Schools on the move in rebuild
Quake-damaged primary schools will be rebuilt on the sites of two closed intermediates as part of a Government plan to modernise more than 100 Christchurch schools in 10 years.
Education Minister Hekia Parata announced yesterday that Spreydon School will relocate to the Manning Intermediate School site and South Hornby School will move to the Branston Intermediate site in 2017.
Parata unveiled the timetable for the Government's $1.1 billion programme to rebuild and refurbish 115 Christchurch schools over the next 10 years.
Thirteen schools will be built on new sites, 10 rebuilt on existing sites, while 34 schools are to be overhauled and 58 partially redeveloped.
When complete, 80 per cent of the greater Christchurch area's classrooms would be modern learning environments, she said.
The ministry's rationale for closure of Branston Intermediate was that it was ideally located to service new areas of residential growth, and it was estimated to cost $7.9m to fix earthquake damage in all 11 buildings, strengthen five and make one weathertight.
However, Branston Intermediate principal Jennifer O'Leary believed the ministry was against intermediates.
"I think it's a tragedy that in all this rebuilding, nowhere in our area is there a specialist education facility for emerging adolescents."
The school's buildings were fine, she said, and they would even be used for the ministry's reading-recovery administration next year.
The use of its land for South Hornby was "expected", but the relocation of Spreydon School was a surprise.
Both new schools would cost between $5m and $10m.
South Hornby principal Linsday Penman said it was known for some time the 313-pupil school needed to be relocated, but now his community had confirmation.
"When you see what they can do now, it should be quite exciting."
Some parents had moved their children to other areas because they did not want their children completing Year 7 and 8 within a high school setting, he said.
Manning Intermediate principal Richard Chamber said it was "logical" his school's site be used to house Spreydon.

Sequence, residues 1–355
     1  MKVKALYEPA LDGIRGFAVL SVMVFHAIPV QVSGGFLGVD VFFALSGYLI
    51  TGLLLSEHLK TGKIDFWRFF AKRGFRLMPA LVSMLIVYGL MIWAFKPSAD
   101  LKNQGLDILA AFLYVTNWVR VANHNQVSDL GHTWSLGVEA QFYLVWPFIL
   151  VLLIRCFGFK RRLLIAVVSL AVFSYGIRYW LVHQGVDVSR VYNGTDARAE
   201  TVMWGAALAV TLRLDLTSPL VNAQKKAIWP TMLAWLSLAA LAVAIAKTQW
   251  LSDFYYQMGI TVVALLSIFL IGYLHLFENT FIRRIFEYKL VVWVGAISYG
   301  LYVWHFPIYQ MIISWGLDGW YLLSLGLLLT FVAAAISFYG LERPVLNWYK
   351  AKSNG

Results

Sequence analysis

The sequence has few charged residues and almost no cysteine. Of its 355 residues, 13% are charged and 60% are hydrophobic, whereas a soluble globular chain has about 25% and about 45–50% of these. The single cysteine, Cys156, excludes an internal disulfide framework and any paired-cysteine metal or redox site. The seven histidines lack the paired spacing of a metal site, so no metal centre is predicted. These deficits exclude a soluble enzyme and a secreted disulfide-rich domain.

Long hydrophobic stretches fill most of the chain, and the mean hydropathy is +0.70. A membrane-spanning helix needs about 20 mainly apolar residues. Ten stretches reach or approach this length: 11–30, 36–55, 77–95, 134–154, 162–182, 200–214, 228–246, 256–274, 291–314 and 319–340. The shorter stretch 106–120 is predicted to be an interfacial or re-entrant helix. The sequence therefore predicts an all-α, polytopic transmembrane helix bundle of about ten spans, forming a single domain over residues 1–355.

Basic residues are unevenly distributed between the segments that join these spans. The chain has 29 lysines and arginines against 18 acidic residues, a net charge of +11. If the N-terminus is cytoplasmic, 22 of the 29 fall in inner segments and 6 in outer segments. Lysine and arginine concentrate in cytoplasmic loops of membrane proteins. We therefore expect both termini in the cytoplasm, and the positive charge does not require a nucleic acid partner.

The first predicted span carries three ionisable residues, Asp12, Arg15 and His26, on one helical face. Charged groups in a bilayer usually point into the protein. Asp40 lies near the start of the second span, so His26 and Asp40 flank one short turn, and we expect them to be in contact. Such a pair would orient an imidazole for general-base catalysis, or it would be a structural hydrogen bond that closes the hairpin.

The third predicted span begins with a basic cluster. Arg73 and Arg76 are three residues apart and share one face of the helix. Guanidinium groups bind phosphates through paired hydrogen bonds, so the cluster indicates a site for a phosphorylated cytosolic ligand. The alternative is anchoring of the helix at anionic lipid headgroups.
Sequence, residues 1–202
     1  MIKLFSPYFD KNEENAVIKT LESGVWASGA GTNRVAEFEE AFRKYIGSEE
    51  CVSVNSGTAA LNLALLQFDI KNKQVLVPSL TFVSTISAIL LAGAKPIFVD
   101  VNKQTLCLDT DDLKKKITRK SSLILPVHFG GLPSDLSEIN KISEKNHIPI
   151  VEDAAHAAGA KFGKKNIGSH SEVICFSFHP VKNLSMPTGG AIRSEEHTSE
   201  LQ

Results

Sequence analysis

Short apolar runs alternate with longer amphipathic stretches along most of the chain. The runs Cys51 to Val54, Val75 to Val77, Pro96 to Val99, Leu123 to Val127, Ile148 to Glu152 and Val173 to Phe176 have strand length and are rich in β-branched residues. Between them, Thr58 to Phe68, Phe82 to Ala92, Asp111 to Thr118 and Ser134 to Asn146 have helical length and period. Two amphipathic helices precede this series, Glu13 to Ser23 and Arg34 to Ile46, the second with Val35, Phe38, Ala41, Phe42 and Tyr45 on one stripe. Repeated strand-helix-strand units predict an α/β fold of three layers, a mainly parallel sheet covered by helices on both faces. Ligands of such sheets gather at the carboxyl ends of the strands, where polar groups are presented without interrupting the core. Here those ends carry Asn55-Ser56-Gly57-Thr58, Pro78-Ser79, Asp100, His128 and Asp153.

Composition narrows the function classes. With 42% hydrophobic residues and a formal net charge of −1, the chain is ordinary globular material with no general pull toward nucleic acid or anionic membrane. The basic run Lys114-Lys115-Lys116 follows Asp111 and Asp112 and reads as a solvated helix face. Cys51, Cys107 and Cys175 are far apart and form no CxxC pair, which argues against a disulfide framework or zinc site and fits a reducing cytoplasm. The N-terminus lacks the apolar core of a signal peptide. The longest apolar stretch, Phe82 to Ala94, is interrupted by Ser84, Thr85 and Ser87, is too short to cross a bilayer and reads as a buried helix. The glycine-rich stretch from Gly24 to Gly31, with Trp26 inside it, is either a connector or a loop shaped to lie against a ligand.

The first schools to be developed and opened next year will be in Pegasus and Halswell.
Lyttelton Main School and Windsor School will follow, being rebuilt in 2015. Redevelopment of Shirley Primary, Papanui School and Woolston-Phillipstown schools, pending further consultation following a judicial review, will start in 2015.
While the Government would be looking to buy construction materials in bulk to save costs, Parata said they were "not proposing to run out lookalikes all over Christchurch".
"It is a 10-year programme, at the end of which I expect the great Christchurch network will be the most modern learning environment in our country." The schools excluded from the building programme included 44 state-integrated schools and 45 other state schools who would receive their property allocation as usual.
The money was coming from the ministry's existing property fund, insurance and a cash injection from Government.
Last year, Labour's associate education spokesman Chris Hipkins discovered through parliamentary questions that about half of the $1b would come from existing baseline funding or insurance recoveries.
"The National Government boldly promised it was going to spend a billion dollars rebuilding schools in Christchurch, but they neglected to mention that half of that was money the schools were going to get anyway to maintain existing buildings, upgrade them, or repair damage," Hipkins said at the time.
Education Minister Parata denied she had misled people.